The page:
4 Tips For Sleep To Beat Insomnia

Shutterstock © Woman sleeping in bed

The differing health needs of women are becoming more widely recognised. Including how women are 40% more likely to experience insomnia than men. There are a few reasons why this is, plus some top tips to help sleep with insomnia.

From adjusting food intake around their menstrual cycle to differing hormones, a lot of areas of health need to be tailored to women’s unique biology.

Hormones are often to blame because of the way they fluctuate throughout the month, they can affect women’s sleep cycles. Additional factors include periods, whereby cramps and other symptoms can keep you awake at night, and the menopause, which causes hot flushes. Free Soul, provider of health products and vegan pure protein powders that are designed to meet women’s unique nutritional needs, shares the ultimate guide to a good night’s sleep – specifically designed for women.

4 Ways to Beat Insomnia

1. Keep Your Bedroom Cool

Women often run colder than men because of the way body fat is stored and lower metabolic rates. While that might lead to you keeping your bedroom toasty overnight, a warm sleeping space can negatively impact your sleep.

The recommended temperature for our bedrooms is 18.3°C, which might feel a little chilly to sit in, but is optimal for sleep. That’s because the temperature of our bodies drops at night so by encouraging that, you’re encouraging your body to get ready to sleep.

This is especially helpful for women who are experiencing the menopause, which is often accompanied by hot flushes that can wake you through the night.

2. Shower Or Bath In The Evening

A bath with candles and a soft towel to help beat insomnia

Pic: Shutterstock / FotoHelin

Having a warm bath or shower on an evening is not only a soothing exercise, but it’s another step you can take to naturally cool down your body temperature – without really noticing it. For menopausal women, taking a slightly cooler shower can combat hot flushes but still kickstart the body cooling process.

Having an evening shower or bath has additional benefits that can also improve our sleep. It can release any physical tension we’re holding in our bodies after a long day, soothing muscles and easing aches and pains ahead of bedtime.

Taking the time out to care for ourselves can also provide a mental wellbeing boost – and if you have the time, make the most of your bathing. Indulge in a book in the bath or use your shower time to practise mindfulness and rhythmically apply your favourite shower gels and scrubs. This act of self-care can put our mind at ease, which can help prevent a racing mind once you lay your head on your pillow.

3. Mindful Bedtime Routine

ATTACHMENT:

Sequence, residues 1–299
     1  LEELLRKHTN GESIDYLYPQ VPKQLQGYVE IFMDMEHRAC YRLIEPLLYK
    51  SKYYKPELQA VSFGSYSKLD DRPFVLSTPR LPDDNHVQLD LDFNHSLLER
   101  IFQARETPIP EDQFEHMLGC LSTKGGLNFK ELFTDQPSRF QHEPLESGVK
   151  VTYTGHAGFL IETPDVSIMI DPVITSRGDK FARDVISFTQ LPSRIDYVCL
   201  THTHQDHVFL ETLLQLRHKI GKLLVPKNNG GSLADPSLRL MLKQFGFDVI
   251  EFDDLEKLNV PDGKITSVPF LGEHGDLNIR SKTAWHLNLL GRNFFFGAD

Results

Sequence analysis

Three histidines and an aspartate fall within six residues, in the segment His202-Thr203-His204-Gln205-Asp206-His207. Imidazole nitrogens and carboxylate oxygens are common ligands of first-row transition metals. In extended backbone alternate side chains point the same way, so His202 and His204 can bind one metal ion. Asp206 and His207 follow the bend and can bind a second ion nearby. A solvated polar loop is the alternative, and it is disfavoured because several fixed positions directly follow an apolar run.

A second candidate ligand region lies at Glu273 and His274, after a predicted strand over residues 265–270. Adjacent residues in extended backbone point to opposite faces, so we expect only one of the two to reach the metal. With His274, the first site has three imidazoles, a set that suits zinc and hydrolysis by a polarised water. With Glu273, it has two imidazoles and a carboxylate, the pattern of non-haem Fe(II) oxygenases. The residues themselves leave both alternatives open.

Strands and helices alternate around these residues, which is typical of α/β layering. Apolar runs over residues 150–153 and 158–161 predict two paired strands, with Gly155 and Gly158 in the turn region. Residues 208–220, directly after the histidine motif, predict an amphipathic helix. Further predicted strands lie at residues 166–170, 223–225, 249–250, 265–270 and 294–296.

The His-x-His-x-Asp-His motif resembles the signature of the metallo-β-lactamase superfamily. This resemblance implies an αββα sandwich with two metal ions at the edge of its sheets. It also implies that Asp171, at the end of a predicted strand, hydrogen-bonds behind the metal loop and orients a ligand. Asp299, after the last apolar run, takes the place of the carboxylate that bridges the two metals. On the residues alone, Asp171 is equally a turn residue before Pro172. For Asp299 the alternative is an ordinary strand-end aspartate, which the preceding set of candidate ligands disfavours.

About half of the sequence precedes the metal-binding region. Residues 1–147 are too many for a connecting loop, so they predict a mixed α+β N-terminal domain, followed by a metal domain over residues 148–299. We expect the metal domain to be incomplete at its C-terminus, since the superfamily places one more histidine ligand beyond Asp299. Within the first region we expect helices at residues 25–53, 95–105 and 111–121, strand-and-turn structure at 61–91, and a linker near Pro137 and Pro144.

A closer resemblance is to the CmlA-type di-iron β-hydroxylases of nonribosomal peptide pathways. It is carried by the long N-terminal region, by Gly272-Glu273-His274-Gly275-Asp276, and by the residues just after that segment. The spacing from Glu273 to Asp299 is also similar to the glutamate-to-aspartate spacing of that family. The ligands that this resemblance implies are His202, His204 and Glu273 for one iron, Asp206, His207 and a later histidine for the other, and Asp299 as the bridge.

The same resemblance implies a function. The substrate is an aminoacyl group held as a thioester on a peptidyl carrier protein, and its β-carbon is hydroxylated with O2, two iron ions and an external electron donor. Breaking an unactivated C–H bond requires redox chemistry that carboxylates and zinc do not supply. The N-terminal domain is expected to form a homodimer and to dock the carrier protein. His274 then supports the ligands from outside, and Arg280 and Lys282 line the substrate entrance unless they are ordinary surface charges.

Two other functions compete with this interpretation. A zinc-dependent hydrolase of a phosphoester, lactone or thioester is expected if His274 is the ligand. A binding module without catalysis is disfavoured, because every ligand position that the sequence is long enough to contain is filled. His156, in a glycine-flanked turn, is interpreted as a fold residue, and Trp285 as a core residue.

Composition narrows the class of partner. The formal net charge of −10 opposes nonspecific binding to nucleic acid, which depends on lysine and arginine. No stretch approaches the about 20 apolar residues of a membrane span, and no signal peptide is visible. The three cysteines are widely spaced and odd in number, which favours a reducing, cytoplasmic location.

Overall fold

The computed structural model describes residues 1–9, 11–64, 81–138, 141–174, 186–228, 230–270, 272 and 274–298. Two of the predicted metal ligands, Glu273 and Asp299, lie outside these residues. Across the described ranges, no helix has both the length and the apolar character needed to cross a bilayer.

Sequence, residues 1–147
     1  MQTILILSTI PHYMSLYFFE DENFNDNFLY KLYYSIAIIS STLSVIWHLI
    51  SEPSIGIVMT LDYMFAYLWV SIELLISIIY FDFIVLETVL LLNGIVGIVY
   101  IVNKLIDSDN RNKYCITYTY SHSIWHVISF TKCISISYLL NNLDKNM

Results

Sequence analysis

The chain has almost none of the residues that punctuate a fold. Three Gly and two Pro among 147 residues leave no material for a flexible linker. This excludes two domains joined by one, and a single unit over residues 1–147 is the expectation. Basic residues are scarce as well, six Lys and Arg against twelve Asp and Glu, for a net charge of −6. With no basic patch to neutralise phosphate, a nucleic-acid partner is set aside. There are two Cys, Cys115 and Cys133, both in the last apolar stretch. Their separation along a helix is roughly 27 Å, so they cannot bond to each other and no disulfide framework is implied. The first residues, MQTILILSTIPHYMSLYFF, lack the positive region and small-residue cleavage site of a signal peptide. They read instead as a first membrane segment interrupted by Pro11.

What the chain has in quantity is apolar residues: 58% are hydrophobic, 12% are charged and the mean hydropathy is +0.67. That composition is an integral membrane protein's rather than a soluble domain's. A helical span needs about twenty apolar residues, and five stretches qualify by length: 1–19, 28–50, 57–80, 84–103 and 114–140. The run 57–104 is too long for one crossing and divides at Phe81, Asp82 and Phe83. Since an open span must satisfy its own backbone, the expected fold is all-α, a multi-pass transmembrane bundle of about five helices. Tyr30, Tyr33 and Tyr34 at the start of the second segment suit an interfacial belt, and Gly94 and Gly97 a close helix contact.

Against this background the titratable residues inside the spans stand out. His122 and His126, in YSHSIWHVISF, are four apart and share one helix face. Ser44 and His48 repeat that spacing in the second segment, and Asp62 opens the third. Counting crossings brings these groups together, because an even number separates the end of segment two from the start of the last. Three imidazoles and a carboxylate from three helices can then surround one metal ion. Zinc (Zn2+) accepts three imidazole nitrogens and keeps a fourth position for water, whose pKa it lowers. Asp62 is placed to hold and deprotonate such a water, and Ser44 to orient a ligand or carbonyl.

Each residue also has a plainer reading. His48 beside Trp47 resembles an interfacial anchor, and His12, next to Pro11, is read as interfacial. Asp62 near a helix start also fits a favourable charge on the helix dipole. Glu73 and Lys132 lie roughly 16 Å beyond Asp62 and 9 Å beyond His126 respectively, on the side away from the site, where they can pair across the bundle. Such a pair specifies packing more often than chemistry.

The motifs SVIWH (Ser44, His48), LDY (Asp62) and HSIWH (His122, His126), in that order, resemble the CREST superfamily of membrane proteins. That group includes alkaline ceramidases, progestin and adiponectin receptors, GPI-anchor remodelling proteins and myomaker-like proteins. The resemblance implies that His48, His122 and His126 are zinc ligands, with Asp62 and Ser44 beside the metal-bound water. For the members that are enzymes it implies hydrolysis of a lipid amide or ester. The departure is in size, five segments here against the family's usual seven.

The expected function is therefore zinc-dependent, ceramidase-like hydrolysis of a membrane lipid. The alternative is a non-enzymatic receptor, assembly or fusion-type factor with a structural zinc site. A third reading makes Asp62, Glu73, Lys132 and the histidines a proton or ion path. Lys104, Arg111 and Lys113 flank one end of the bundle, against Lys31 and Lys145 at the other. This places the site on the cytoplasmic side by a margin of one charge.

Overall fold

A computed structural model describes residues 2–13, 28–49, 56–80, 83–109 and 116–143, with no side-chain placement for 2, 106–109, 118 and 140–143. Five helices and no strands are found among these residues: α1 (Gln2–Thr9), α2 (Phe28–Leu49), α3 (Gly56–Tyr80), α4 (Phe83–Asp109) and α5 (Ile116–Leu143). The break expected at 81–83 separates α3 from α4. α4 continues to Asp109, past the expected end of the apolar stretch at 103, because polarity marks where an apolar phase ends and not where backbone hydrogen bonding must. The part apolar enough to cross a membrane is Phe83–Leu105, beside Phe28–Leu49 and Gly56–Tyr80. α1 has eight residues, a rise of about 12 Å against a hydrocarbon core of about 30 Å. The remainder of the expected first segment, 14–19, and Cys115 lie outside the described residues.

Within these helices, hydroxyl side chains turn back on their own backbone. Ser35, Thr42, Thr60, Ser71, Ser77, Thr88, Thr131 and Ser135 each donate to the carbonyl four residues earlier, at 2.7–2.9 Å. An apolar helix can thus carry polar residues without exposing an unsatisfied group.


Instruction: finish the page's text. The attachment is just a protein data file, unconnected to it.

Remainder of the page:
Those racing thoughts are a common cause of insomnia in women. Women are twice as likely to experience anxiety as men and we are more likely to experience these anxious thoughts at bedtime.

Mindfulness is a powerful way to reduce these anxious thoughts – and it can come in many forms. We no longer think of mindfulness and meditation as the practice of sitting cross-legged and chanting “omm”. It’s a process where we take moments to pause and free our minds during the day. While this type of mindfulness is beneficial, journaling can also be an effective way to remove those negative thoughts from your brain.

At least an hour before you head to bed, take a few moments to write down all your anxieties and worries from the day. Then, note down whether you can resolve it, and whether it can be resolved in that moment. If it can, take those steps. And if it can’t? You leave that anxiety on your sheet of paper instead of in your head.

4. Nutrition

Women’s differing hormones, as well as their menstrual cycle, means their nutritional needs vary from men’s. Women who have periods can benefit from iron supplements – and this is especially true for those who experience heavy periods. Pregnant and breastfeeding women are also more prone to iron deficiencies and should consider increasing their intake or supplementing. You may also suffer from a deficiency in magnesium – and this mineral plays an essential role in our sleep. It’s recommended to get as much magnesium as possible from your diet, but if you’re struggling, supplements can help too.

These tips can help you to battle the insomnia that we’re more prone to by reducing the anxiety that can cause it, regulating our body temperature and addressing common nutritional deficiencies. Now, go ahead and get the restful sleep you need.

Read more Health tips from the “Friend”. 

Jacqueline Munro

Jacqueline is the Digital Content Editor at "The People's Friend", looking after our website, social media channels and podcast.